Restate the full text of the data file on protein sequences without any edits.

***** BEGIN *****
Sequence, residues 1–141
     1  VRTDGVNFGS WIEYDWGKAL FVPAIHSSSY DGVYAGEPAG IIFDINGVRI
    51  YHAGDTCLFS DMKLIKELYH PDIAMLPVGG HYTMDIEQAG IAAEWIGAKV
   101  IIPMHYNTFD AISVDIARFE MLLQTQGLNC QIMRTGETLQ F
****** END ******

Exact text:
Sequence, residues 1–141
     1  VRTDGVNFGS WIEYDWGKAL FVPAIHSSSY DGVYAGEPAG IIFDINGVRI
    51  YHAGDTCLFS DMKLIKELYH PDIAMLPVGG HYTMDIEQAG IAAEWIGAKV
   101  IIPMHYNTFD AISVDIARFE MLLQTQGLNC QIMRTGETLQ F